On this day in 1649, at what was effectively the end of the Civil War, the Long Parliament passed an Act making England a Commonwealth and Free State “where Parliament would constitute the officers and ministers of the people without any kings or lords”.
On this day in 1658, the politician Sir John Reresby (1634-89) wrote in his diary (*):
“The citizens and common people of London had then soe far imbibed the custome and manners of a Commonwealth that they could scarce endure the sight of a gentleman, soe that the common salutation to a man well dressed was “French dog,” or the like. Walkeing one day in the street with my valet de chambre, who did wear a feather in his hatt, some workemen that were mending the street abused him and threw sand upon his cloaths, at which he drew his sword, thinkeing to follow the custome of France in the like cases. This made the rabble fall upon him and me, that had drawn too in his defence, till we gott shelter in a hous, not without injury to our bravery and some blowes to ourselves”.
(*) The diary has been described by the historian Henry Wheatley as follows:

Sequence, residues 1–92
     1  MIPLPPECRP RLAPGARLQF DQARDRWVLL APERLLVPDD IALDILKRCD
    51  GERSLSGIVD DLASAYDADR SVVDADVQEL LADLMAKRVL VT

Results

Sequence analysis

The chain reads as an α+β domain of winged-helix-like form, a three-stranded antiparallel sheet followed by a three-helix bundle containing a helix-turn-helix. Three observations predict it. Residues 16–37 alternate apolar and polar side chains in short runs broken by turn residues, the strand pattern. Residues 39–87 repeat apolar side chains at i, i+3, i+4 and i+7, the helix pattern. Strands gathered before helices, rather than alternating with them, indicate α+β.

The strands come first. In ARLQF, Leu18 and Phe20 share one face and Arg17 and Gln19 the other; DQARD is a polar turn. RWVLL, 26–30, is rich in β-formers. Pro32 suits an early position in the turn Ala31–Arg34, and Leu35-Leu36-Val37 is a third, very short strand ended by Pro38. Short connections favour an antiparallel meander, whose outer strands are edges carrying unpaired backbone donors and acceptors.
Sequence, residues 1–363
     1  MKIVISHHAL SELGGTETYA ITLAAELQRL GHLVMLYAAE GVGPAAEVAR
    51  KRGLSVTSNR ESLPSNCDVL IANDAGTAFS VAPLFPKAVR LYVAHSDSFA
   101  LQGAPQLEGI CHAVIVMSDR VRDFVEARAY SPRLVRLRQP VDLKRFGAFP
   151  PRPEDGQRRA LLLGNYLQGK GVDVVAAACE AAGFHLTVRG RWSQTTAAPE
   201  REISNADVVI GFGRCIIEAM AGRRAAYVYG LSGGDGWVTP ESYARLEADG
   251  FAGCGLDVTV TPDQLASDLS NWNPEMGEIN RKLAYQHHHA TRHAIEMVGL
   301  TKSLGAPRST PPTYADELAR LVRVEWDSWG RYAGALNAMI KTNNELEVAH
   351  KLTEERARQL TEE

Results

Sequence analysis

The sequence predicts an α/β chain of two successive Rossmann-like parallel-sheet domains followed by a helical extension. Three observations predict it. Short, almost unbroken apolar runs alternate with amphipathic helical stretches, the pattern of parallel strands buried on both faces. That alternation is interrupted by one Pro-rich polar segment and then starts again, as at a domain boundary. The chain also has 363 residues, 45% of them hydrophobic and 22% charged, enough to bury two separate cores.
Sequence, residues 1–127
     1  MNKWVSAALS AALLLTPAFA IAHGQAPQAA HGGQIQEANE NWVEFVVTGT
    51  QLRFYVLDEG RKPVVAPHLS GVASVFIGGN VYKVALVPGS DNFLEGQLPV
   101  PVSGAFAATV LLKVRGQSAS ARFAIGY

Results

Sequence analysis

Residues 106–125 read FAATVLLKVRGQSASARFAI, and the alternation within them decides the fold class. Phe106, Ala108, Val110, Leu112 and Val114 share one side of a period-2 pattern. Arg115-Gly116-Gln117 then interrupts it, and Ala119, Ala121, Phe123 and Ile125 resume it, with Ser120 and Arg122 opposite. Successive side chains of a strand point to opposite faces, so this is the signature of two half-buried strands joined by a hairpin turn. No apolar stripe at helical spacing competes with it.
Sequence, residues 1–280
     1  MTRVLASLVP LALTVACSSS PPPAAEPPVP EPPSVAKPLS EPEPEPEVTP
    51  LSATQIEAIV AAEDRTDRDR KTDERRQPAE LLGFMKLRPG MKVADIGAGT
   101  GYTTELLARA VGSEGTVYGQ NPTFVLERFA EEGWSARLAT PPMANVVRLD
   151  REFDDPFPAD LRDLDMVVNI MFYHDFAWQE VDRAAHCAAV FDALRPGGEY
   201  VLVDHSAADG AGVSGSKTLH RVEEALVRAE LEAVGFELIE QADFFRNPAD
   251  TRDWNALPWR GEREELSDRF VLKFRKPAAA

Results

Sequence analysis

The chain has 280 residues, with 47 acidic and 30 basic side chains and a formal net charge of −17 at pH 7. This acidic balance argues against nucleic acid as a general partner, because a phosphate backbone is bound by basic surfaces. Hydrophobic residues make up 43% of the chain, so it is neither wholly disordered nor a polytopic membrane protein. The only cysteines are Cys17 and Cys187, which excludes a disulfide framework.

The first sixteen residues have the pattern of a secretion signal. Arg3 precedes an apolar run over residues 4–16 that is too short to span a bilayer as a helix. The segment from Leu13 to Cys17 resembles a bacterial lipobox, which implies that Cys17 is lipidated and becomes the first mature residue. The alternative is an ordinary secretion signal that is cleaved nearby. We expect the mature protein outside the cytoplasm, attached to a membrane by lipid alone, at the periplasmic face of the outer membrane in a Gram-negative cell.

“ … the work of an accomplished man who united in himself the qualities of a courtier and those of a country squire. The book contains a pleasing record of the chief events, some of them of very great importance, which came under his notice [including not only the Civil War and Commonwealth, but also the Restoration of the Monarchy in 1660, the Popish Plot in 1680, and the Glorious Revolution in 1688], as well as of other matters founded on the mere gossip of court circles. The author writes with distinction, and the reader cannot well follow his adventures without a feeling of esteem and sympathy, although it must be confessed that he was somewhat of a self-seeker … . To those who read his pleasant narrative with interest, this must, however, appear a hard saying. He lived in a difficult period, and, although he was whole-heartedly loyal to Charles II, he does not appear to have approved of the next sovereign, and his protestant feelings prevented him from being troubled with much regret when the revolution was completed; so that he had not any difficulty in deciding to swear allegiance to William III”.